helm upgrade consul hashicorp/consul --version 0.24.0 -f /path/to/my/values.yaml`.

Before performing the upgrade, be sure you've read the other sections on this page, continuing at Determining What Will Change.

»Determining What Will Change

Before upgrading, it's important to understand what changes will be made to your cluster. For example, you will need to take more care if your upgrade will result in the Consul server statefulset being redeployed.

There is no built-in functionality in Helm that shows what a helm upgrade will change. There is, however, a Helm plugin helm-diff that can be used.

  1. Install helm-diff with:
helm plugin install https://github.com/databus23/helm-diff
  1. If you are updating your values.yaml file, do so now.
  2. Take the same helm upgrade command you were planning to issue but perform helm diff upgrade instead of helm upgrade:
helm diff upgrade consul hashicorp/consul --version 0.24.1 -f /path/to/your/values.yaml

This will print out the manifests that will be updated and their diffs.

  1. To see only the objects that will be updated, add | grep "has changed":
helm diff upgrade consul hashicorp/consul --version 0.24.1 -f /path/to/your/values.yaml |
  grep "has changed"
  1. Take specific note if consul, DaemonSet or consul-server, StatefulSet are listed. This means that your Consul client daemonset or Consul server statefulset (or both) will be redeployed.

If either is being redeployed, we will follow the same pattern for upgrades as on other platforms: the servers will be redeployed one-by-one, and then the clients will be redeployed in batches. Read Upgrading Consul and then continue reading below.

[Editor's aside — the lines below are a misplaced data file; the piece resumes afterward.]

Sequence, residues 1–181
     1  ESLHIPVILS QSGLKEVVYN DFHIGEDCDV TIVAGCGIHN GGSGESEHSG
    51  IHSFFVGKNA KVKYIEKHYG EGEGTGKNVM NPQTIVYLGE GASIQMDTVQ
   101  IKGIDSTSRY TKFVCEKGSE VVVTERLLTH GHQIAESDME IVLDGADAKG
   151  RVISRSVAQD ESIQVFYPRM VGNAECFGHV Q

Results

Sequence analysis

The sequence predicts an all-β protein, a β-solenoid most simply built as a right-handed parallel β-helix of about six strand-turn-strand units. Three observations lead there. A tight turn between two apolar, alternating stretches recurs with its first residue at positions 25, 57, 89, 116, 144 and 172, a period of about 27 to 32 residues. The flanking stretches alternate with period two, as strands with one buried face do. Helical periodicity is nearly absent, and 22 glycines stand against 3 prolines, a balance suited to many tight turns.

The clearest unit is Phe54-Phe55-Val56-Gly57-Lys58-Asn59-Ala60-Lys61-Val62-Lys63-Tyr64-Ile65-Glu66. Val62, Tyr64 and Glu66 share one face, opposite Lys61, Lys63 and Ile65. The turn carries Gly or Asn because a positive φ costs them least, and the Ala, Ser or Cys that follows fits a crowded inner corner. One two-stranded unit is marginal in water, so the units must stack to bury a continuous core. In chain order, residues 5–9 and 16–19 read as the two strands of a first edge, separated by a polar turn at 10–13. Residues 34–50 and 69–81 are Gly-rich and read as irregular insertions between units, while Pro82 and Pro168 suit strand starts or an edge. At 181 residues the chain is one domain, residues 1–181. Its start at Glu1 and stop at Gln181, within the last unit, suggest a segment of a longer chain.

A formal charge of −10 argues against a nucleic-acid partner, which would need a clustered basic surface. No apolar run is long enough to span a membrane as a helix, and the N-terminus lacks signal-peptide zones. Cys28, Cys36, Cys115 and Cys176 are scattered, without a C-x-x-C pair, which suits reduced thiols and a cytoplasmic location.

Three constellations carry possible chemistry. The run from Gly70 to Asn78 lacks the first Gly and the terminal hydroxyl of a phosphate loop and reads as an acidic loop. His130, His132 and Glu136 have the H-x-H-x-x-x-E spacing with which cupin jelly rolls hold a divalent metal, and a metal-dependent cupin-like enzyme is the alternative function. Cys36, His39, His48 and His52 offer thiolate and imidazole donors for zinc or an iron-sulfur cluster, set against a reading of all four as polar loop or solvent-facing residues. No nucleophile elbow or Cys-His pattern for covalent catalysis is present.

If neither the client daemonset nor the server statefulset is being redeployed, then you can continue with the helm upgrade without any specific sequence to follow.

»Service Mesh

If you are using Consul's service mesh features, as opposed to the service sync functionality, you must be aware of the behavior of the service mesh during upgrades.

Consul clients operate as a daemonset across all Kubernernetes nodes. During an upgrade, if the Consul client daemonset has changed, the client pods will need to be restarted because their spec has changed.

When a Consul client pod is restarted, it will deregister itself from Consul when it stops. When the pod restarts, it will re-register itself with Consul. Thus, during the period between the Consul client on a node stopping and restarting, the following will occur:

  1. The node will be deregistered from Consul. It will not show up in the Consul UI nor in API requests.
  2. Because the node is deregistered, all service pods that were on that node will also be deregistered. This means they will not receive service mesh traffic until the Consul client pod restarts.
  3. Service pods on that node can continue to make requests through the service mesh because each Envoy proxy maintains a cache of the locations of upstream services. However, if the upstream services change IPs, Envoy will not be able to refresh its cluster information until its local Consul client is restarted. So services can continue to make requests without downtime for a short period of time, however, it's important for the local Consul client to be restarted as quickly as possible.

Once the local Consul client pod restarts, each service pod needs to re-register itself with the client. This is done automatically by the consul-connect-lifecycle-sidecar sidecar container that is injected alongside each service.

Because service mesh pods are briefly deregistered during a Consul client restart, it's important that you do not restart all Consul clients at once. Otherwise you may experience downtime because no replicas of a specific service will be in the mesh.